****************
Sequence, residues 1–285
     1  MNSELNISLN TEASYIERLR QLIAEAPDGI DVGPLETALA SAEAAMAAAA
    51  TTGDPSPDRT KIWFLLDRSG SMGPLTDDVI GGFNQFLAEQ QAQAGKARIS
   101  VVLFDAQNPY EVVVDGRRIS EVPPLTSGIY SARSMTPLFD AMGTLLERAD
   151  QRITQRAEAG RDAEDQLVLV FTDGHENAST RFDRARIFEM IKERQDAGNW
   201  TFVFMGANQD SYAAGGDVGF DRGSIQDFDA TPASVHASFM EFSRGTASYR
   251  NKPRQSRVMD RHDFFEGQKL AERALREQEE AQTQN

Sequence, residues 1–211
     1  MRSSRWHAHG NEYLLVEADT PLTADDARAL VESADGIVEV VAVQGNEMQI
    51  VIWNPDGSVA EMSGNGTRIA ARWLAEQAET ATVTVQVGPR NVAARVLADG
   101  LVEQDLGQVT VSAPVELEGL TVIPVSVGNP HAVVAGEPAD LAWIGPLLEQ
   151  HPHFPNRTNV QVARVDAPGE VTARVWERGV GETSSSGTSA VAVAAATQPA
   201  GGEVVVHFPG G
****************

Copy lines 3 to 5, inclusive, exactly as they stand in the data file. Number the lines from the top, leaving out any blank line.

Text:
    51  TTGDPSPDRT KIWFLLDRSG SMGPLTDDVI GGFNQFLAEQ QAQAGKARIS
   101  VVLFDAQNPY EVVVDGRRIS EVPPLTSGIY SARSMTPLFD AMGTLLERAD
   151  QRITQRAEAG RDAEDQLVLV FTDGHENAST RFDRARIFEM IKERQDAGNW